images you select will change based on your audience or output.
Remember that the memories they evoke are contextual. Help
your audience by providing this context.
fundamental difference when shooting digital vs. film
is having the ability to pay for only the images you
want to keep!
Photo by Chad Nelson
Evening at the Ballpark. Changing
your point of view:
do you capture the spectacle, the excitement, or the meaning
of a baseball game? A tough
task indeed, especially when you are only one person with
one camera. My strategy for getting around this is simple. Move
around! Capturing an event is about coverage; covering
the core action, the side moments, as well as the overall
surroundings. In this game, I started with wide shots of
the field, the scoreboard, and the crowd. Then I began
to focus on individual moments. At one point I decided
to take a longer route back to my seat. As I did, I found
a Yankee relief pitcher warming-up on the sidelines. No
big deal. But then I noticed the American flag directly
behind him. Taking the longer route produced an unexpected
shot, and one that, arguably, captured the essence of baseball
better than any other I took that night.
Photos by Don Barnett
Sunlight - Direct sunlight is the most harsh
when directly overhead, creating very dark and shadows with
a lot of contrast. See if you can get your subjects out of
the direct sunlight and find some way to diffuse the light.
when cloud cover or haze is present. This tends to diffuse
the light and soften the harshness
of direct sunlight.
the reflective light. The light found in the shadows is
a trick professional photographers
all the time. Try a nearby concrete wall or use one of
those windshield shades to bounce light off another object.
your subject in the reflected light.
This is the ideal light. In the shade on a bright day, the light
is wonderfully diffused. Objects beyond
your subject are in the background and
in full sun will get overexposed when you
meter for the objects in the shade.
Indoor light bulbs tend to be warm in color. The light can be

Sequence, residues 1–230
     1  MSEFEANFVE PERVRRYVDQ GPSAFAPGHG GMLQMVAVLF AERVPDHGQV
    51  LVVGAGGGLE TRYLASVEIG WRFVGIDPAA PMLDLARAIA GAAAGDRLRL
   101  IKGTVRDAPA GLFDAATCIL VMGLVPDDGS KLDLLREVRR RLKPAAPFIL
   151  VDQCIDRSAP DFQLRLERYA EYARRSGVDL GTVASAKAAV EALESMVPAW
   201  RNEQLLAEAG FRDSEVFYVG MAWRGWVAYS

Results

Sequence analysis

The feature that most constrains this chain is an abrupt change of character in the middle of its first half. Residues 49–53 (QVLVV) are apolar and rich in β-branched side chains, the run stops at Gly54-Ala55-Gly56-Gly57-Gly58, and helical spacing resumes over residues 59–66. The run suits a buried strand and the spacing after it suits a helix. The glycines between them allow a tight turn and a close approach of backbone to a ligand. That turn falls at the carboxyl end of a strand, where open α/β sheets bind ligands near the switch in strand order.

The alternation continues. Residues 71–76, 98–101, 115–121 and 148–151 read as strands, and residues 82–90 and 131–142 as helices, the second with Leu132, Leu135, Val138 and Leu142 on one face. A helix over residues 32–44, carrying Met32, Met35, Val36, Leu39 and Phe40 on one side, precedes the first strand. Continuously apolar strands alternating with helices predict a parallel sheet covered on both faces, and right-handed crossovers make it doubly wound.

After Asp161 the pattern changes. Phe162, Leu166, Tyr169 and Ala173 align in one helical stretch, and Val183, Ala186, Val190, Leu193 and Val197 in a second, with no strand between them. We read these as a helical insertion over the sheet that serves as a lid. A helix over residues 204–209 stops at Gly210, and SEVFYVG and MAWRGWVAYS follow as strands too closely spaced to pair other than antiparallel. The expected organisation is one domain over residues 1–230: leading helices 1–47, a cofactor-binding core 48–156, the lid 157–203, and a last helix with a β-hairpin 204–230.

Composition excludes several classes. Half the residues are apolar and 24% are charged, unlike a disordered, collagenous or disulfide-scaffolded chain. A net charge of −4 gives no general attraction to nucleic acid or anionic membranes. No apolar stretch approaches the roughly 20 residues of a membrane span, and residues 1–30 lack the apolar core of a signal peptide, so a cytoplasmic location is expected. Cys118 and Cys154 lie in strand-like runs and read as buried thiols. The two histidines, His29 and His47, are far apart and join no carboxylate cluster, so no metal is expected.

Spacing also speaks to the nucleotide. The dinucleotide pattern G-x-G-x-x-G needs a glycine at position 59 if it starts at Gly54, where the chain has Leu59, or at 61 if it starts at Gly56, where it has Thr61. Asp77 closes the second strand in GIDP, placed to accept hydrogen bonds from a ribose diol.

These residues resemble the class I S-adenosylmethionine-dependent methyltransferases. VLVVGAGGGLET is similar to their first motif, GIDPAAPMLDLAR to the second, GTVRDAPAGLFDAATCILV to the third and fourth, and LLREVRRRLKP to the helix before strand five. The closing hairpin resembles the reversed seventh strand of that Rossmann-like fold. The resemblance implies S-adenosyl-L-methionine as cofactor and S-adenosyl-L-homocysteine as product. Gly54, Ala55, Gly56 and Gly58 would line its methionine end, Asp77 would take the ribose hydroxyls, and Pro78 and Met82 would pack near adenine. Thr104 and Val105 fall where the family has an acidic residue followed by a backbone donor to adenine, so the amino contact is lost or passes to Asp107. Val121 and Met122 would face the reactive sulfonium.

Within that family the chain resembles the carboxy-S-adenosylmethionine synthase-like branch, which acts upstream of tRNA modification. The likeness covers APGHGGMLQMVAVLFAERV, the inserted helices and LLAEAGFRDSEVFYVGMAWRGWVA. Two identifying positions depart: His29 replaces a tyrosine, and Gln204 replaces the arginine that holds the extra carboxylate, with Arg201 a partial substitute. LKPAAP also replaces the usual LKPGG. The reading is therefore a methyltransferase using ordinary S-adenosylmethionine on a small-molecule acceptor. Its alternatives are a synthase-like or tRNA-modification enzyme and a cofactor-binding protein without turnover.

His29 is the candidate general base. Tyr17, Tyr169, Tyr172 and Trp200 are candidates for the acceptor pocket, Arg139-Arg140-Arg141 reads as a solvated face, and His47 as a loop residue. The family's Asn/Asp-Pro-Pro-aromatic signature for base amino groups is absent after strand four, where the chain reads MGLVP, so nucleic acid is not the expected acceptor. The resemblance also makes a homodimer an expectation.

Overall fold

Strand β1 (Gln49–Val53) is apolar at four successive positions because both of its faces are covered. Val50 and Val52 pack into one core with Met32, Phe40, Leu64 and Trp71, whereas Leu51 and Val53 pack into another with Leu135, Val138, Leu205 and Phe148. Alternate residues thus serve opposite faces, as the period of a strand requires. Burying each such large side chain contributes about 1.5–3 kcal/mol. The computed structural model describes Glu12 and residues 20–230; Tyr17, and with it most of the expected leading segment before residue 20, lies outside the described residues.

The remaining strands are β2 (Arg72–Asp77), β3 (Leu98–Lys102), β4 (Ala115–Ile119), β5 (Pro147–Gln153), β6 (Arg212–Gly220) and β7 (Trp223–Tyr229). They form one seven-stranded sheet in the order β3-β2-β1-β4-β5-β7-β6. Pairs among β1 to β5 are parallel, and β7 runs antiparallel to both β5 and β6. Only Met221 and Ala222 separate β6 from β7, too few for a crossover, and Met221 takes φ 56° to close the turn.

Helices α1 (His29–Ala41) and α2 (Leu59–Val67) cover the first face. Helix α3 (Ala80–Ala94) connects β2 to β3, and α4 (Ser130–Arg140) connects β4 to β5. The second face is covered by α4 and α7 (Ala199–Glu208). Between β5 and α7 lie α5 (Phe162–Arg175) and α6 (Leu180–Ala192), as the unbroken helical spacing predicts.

very desirable if properly exposed. If a digital camera
is set for outdoor sunlight, the image can be yellow
orange. Check your camera and the color temperature settings.
Be sure to set color balance for sun or indoor lights
separately, or outdoor shots can look blue and indoor
shots can look orange. Sometimes the effect can be used
to your advantage. In either circumstance, using a weak
fill flash can be successful in balancing out the color
- Minimal light calls for fast film (ASA speeds
of 400 up) and long exposure times. Portraits are difficult,
but landscapes are easily accomplished with a tripod or some
way to stabilize the camera. Moonlight photos tend to be monochromatic
unless very long exposures are used in which they can get unusual
and exaggerated color effects.
and Firelight -
Wonderfully sensitive and soft portraits can be shot by candle or fire light.
Your subject needs to remain fairly still due to low
light, and these shots require longer exposure times.
Constantly moving sources of light (such as a camp fires)
causes very soft edges, but dark and dramatic shadows..
image is a personal choice, edited only by you. Here's some guidelines
on an effective image:
understanding (time, place, subject, and so on) >Solicits
an emotional response >Communicates
the intentions of the photographer
How big is your circle of influence?
(quick) choices you make in-Camera may lend to easier
editing later. I have found that Photography books
tend to describe the technical aspects behind making
a technically proficient image. Here are some simple
techniques tailored to shooting photographs that
can communicate what you intend and can give you
a higher chance of making an effective image. .
Yourself from the View finder: